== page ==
Judge to decide which Frank is frank
From ANIMAL PEOPLE, October 1998:
KENOSHA, Wisc.––A year-long dispute
over custody of the Society of St. Francis,
one of the older no-kill shelters in the U.S.,
emerged into view on August 25 when a faction
aligned with cofounder Robert E. Frank allegedly
tried to take the donor lists and office keys from a
faction aligned with his son, Dennis Frank.
Each side accused the other of gross mismanagement.
Each claims to constitute the properly
elected board of directors.
Summoned to intervene, Kenosha
County sheriff’s deputies reportedly brokered a
brief truce. On September 4, agreed the factions
in separate communications with ANIMAL PEOPLE,
they reached an interim agreement over procedures
for running the Society pending resolution
of crossfiled lawsuits.
Sheltering about 100 dogs, 75 cats, 16
hooved animals, and many birds, the Society of
St. Francis was incorporated by Robert and Patricia
Frank in 1975. Since 1978 it had operated from a
former farm property purchased by Robert Frank.
Patricia Frank, the accounts agree,
became mentally incapacitated circa 1989. She is
apparently now a ward of the state of Wisconsin.
Dennis Frank replaced her on the Society of St.
Francis board of directors. The third board member
was Joan Rudie, the shelter manager, whose
sister Jean Carlson was assistant manager.
According to the affidavits of the Dennis
Frank faction, Rudie had a personal relationship
with Robert Frank, which apparently ended before
October 9, 1997, when Robert Frank is said to
have fired her. Carlson is said to have then
resigned, while Rudie quit the board. The affidavits
hold that Rudie told Dennis Frank that
Robert Frank had purchased a 1991 Alfa Romeo
sports car at shelter expense, with all or most costs
of driving it also paid by the shelter; made extensive
other personal use of donated funds, despite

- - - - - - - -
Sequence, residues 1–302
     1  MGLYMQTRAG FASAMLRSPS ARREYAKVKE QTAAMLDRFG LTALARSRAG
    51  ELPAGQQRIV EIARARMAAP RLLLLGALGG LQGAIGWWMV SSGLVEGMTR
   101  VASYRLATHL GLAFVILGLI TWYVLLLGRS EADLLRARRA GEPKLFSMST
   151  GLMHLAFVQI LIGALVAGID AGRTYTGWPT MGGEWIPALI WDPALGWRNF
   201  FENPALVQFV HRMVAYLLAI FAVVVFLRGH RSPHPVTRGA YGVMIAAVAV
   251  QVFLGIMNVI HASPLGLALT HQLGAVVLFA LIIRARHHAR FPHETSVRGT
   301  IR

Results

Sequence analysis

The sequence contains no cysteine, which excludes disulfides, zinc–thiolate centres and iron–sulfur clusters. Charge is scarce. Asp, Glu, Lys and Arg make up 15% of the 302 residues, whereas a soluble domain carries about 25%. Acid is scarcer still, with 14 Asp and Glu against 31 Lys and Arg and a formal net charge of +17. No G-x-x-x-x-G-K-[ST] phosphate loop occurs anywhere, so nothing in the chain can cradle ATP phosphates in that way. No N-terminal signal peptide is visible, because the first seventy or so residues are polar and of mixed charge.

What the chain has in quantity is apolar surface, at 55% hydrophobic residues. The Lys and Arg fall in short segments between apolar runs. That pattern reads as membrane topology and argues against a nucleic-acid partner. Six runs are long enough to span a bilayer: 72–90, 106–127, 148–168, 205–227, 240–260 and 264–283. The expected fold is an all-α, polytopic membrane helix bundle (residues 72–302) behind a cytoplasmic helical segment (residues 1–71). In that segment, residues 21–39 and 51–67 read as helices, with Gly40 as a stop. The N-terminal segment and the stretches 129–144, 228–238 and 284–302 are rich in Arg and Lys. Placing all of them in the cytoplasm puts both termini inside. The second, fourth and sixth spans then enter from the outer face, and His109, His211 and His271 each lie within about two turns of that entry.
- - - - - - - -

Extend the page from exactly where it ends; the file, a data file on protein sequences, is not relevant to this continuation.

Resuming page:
representing that he took no salary from the shelter;
had recently diverted as much as $50,000 in cash
donations and funds from bequests to his own use;
and did not keep accurate financial records.
The Dennis Frank faction affidavits further
hold that Carlson made similar allegations to
Barbara Skan, a Society of St. Francis donor and
volunteer who now serves on the board headed by
Dennis Frank. Skan and other witnesses additionally
allege that Robert Frank donated the shelter
property to the Society, including the house he still
occupies, to avoid having it seized for sale to
cover the upkeep of Patricia Frank.
The Robert Frank faction, now headed
by Cindy Schultz of The Animal Lobby Inc., who
stepped in at Robert Frank’s request in midsummer,
faxed to ANIMAL PEOPLE an unsigned
affidavit attributed to Rudie, denying that she was
fired or ever left the board except under duress,
denying that she ever made the allegations which
Dennis Frank contends she made to him, and
asserting that “In October of 1997, Dennis Frank
was attempting to take over the Society…to secure
for himself a paid management position.”
A second unsigned affidavit, attributed
to Robert Frank, gives a similar account.
The Dennis Frank faction has managed
the Society of St. Francis since November 1997.
Robert Frank continues to live in a house on the
grounds. The factions appear to agree that the
Society is now deeply in debt, but the Dennis
Frank faction contends the debts result from prior
mismanagement, while the Robert Frank faction
claims they result chiefly from mismanagement
during the past 11 months.
The Society of St. Francis is perhaps best
known in humane circles for using the first edition
of the No Kill Directory published by Doing
Things For Animals to achieve the care-for-life
placement of several dozen animals who were left
after the North Shore Animal League,
Montgomery County Humane Society, Humane
Society of Pinellas County, and Florida Animal
Control Association evacuated and placed about
600 adoptable animals from the defunct Love &
Care For God’s AnimalLife shelter in Andalusia,
Alabama, in 1995. Love & Care founder Ann
Fields had committed suicide after the Alabama
Office of the Attorney General sued her for fraud,
alleging that she raised as much as $100,000 a
month in the name of the shelter, but spent most of
it on luxurious living divided between condominiums
in southern California and Aruba.